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Friday, May 10, 2013

Gods of Water and Air Coming Out Soon!

My new poetry collection, Gods of Water and Air, will be released by Kelsay Books in the fall of this year. A mix of poems, prose poems, essays, and even a short play, it will be an homage to the forces that grew me and sustain me: the ocean's edge, the people shaped by this landscape, our history, and above all love's failures and victories. Death's failure to erase it. It is really a book of odes  to these daily gods. Thank you, Karen Kelsay, for selecting it and giving me such scope to finish it! Here's a sample:


O Beautiful

As we pull up and park at Point Reyes,
            a woman lowers
            her binoculars,
                                    and points: Eagle! 
            We raise our glasses and scan
the hills, see a white-headed fledgling
                        standing on a ridge, outstretched
                                    wings sieving the wind.
            His pharaonic beaked head
                        turns slowly. Through trembling
                                    lenses, we watch the Golden
                        Quarter come alive--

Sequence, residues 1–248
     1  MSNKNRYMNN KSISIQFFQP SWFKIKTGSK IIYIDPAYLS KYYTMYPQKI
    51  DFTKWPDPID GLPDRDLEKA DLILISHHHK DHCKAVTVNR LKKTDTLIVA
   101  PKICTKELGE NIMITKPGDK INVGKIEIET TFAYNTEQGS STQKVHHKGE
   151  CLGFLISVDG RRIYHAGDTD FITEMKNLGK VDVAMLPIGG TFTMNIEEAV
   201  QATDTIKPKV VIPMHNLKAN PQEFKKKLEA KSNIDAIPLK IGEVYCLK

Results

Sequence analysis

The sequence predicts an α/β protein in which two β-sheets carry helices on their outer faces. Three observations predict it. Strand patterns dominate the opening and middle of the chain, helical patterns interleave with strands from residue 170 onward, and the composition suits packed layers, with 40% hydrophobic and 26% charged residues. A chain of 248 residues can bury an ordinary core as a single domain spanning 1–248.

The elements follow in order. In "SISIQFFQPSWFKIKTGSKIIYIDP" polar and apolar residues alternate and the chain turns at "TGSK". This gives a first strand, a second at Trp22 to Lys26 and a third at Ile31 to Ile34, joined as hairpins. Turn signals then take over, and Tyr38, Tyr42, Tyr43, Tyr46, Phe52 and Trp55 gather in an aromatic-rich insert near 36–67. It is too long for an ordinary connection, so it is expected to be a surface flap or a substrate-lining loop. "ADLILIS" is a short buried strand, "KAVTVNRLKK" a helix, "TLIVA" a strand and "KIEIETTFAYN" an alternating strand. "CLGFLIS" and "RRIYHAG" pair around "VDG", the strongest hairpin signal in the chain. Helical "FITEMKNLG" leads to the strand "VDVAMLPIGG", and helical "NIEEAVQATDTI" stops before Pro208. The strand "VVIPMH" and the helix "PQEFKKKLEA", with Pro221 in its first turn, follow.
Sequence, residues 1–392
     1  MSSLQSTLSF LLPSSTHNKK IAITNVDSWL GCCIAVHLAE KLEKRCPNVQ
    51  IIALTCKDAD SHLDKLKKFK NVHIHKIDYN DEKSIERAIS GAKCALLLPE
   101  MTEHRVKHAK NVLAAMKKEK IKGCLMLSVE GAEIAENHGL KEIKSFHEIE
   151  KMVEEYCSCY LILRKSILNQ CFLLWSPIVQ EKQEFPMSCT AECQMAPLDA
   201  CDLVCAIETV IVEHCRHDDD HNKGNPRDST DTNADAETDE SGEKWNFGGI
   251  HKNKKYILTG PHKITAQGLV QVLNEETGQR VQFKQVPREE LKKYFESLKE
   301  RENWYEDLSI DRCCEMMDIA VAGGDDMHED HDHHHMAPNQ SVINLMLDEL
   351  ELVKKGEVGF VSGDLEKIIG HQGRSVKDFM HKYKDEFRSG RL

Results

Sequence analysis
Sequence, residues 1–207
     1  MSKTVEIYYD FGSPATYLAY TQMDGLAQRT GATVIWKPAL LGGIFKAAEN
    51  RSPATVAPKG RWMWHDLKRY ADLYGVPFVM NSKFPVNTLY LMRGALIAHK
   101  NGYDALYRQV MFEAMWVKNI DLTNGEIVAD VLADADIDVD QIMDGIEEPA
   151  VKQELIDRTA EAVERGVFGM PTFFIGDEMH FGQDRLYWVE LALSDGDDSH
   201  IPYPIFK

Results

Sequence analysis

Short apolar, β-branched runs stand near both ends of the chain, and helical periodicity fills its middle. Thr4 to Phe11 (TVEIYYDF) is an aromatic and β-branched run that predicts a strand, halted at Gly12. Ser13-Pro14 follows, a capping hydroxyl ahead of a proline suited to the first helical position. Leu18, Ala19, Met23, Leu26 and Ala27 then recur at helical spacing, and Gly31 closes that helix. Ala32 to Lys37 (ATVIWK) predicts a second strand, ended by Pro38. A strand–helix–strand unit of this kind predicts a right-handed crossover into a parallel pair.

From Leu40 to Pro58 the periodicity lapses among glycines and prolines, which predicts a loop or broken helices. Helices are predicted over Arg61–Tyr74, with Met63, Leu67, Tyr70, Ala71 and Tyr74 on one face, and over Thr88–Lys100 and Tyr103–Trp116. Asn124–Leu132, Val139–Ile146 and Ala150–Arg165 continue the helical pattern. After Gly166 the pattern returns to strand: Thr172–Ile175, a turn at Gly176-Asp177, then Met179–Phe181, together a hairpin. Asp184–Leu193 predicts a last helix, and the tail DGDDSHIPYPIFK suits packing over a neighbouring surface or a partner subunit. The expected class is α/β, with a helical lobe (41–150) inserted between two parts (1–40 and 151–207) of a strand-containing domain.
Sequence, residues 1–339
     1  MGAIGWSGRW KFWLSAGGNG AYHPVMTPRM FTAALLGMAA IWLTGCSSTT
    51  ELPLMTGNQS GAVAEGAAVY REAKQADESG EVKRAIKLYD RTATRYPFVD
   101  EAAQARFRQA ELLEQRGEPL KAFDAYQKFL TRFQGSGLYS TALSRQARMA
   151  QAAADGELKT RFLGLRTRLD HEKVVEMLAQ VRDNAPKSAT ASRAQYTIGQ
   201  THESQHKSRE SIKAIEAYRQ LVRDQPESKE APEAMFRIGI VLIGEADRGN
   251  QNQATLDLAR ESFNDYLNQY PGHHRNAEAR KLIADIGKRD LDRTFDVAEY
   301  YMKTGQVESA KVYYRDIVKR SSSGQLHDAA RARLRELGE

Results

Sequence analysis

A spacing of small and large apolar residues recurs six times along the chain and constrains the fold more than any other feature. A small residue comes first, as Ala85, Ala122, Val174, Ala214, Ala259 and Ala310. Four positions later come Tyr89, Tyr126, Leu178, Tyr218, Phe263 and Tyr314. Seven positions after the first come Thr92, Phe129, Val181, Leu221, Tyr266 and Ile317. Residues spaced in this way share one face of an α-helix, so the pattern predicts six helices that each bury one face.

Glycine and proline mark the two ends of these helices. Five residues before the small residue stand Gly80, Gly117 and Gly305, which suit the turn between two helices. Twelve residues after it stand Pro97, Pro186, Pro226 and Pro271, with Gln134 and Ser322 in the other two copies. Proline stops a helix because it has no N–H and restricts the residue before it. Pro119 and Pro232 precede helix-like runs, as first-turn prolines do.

O, beautiful
                       
                        Descending to the estuary,
we leave behind his practice flights,
            as he hoists up, free-falls and strikes.
                        His freedom is law-forged.
                                    He’s a leashed kite
            tethered to this range
                        where a few more eagles
                                    nest each year, their circles
            pruning shore and sky.
                                   
                        At the Lindsay Wildlife Hospital,
            a tethered eagle hops atop a cage.
His broken wing created a captivity
                        where he’ll live longer
                                    than his cliff-roaming
            cousins. He flaps
                        in tight
                                    circles,
snapping
his wings’ dark flags.
                        We stand back,
                                    doubting the chain
                        as he puzzles us
                                    with a hard black eye.

originally published in Terrain